Too often we limit the definition to what we don’t do. We use words like “flee immorality” or “no sex outside marriage”. Both statements are absolutely true, but they give only part of the answer. Purity is so much more than what we don’t do. Usually (always?) when God says “Thou shalt not”, he also says, “Thou shalt do this instead.” This holds for sexual purity. After commanding us to “flee immorality”, He commands us to“glorify God in your body” (1 Cor. 6:18-20).

Here’s how I tie “thou shalt not” and “thou shalt do this instead” into a definition of purity:

I experience purity to the degree that I make godly choices
Ø  by avoiding all inappropriate sexual activity;
Ø  by enjoying appropriate expressions of my gender;
Ø  by enjoying appropriate relations with the opposite sex;
Ø  by honoring God, myself, and the other person with my heart, mind, eyes, and actions.

Yeah, I know it’s long. The abridged version is “I experience purity to the degree that I make godly choices.” And, to keep this blog from turning into a book, I can do no more than highlight each piece of the definition.

Sexual activity involves more than intercourse. It includes any activity that, taken to its logical or desired end results in orgasm; any intentional touching of sex organs (even through clothing); any “eyeballing” of someone; or any sexual fantasizing.

Inappropriate sexual activity happens when anything or anyone other than our spouse gets our engine started. Avoiding this is the “thou shalt not.” Everything else is “thou shalt do this instead.”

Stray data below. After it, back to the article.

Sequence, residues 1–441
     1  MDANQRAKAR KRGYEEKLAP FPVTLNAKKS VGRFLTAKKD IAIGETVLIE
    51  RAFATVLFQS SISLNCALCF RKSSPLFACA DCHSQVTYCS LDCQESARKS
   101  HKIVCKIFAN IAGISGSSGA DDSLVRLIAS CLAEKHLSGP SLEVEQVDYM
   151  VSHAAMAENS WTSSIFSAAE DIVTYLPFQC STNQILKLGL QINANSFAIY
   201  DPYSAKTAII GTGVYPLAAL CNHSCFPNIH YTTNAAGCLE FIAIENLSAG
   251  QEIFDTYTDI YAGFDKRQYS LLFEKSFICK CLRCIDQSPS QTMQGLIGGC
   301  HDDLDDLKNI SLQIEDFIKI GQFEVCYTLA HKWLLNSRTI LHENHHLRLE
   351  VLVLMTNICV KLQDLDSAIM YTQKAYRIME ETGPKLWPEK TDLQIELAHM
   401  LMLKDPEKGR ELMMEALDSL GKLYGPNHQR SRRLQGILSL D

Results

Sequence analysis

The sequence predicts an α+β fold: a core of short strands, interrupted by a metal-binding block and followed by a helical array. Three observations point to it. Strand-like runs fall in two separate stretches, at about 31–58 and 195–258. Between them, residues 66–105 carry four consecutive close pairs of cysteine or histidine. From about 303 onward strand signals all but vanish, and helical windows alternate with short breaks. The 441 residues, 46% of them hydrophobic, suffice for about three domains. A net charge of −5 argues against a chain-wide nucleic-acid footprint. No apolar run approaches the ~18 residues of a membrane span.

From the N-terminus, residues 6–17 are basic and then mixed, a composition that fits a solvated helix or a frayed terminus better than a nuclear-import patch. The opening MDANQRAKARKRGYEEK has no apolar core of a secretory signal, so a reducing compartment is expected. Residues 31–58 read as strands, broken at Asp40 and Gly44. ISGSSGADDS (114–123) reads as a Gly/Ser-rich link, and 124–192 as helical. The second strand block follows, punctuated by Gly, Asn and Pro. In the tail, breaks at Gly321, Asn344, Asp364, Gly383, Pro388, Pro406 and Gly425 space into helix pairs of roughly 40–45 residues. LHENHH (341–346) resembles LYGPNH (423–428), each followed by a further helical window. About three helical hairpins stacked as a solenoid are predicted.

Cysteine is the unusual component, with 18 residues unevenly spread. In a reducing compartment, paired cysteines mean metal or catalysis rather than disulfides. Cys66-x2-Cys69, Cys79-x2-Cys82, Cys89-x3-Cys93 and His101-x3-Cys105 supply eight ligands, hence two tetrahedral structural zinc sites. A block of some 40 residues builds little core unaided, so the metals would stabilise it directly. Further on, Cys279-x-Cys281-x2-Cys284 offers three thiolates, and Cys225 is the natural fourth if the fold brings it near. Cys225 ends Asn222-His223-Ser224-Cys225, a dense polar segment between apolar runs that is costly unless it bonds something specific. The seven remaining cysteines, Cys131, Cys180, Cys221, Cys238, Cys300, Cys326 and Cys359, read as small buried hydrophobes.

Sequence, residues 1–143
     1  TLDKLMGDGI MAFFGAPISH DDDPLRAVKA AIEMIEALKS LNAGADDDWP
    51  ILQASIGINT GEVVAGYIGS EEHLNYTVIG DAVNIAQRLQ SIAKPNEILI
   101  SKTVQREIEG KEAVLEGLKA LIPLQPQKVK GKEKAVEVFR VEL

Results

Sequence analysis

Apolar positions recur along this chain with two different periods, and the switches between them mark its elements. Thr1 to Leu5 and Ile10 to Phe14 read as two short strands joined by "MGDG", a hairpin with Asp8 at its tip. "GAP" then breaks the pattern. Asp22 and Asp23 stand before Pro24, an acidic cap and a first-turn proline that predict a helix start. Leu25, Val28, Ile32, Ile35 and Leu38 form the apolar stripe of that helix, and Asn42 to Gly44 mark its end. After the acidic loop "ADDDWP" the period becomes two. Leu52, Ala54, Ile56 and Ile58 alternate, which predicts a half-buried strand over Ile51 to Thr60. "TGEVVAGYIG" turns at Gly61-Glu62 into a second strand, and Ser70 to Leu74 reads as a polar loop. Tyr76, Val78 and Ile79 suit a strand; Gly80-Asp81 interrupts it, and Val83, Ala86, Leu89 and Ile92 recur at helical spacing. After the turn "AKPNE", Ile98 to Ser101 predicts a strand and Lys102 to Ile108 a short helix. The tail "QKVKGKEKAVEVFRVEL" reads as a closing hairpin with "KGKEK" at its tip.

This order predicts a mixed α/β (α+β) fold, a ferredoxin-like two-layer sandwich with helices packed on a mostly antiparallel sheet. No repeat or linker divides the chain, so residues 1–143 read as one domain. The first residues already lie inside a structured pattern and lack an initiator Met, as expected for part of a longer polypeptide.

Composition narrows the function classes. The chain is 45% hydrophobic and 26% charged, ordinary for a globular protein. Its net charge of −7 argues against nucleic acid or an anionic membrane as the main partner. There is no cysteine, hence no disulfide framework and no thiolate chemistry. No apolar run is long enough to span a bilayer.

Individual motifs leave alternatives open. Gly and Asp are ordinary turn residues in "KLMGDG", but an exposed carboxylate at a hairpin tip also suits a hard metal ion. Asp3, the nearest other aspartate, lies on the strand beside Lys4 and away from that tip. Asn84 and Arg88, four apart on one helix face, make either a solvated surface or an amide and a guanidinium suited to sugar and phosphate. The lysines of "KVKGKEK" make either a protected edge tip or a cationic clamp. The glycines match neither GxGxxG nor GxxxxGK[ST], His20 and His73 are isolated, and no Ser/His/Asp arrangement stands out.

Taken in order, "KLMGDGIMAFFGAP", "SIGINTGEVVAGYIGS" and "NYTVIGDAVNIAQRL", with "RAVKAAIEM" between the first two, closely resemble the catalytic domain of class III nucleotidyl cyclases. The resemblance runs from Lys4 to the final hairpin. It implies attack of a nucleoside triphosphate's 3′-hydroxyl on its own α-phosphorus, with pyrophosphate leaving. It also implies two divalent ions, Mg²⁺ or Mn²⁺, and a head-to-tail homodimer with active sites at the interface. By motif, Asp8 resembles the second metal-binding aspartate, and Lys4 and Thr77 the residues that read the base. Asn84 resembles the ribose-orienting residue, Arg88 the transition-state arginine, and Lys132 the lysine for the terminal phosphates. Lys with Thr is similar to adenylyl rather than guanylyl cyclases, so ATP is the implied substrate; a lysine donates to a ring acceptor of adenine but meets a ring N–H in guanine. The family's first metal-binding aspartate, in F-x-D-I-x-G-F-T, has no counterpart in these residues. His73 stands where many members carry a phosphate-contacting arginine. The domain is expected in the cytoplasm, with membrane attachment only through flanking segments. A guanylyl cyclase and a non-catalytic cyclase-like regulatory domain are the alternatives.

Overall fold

Enjoying appropriate expressions of my gender recognizes God made us sexual beings. Being male is part of who I am. We have freedom to be “manly men” and “girly girls”, so long as we don’t cross the line into what’s  inappropriate. Use your imagination!

Enjoying appropriate relations with the opposite sex simply means we can enjoy being with the opposite sex as long as we recognize boundaries. “Appropriate” with my my wife differs from “appropriate” with my secretary or my wife’s friends or my neighbor. It means unmarried people can enjoy dating with appropriate touch within the “don’t get your engine started” limit.

Honoring God recognizes that God is always glorified when I choose to follow Him in faith and live His way – in this case, following His way for sex. Always.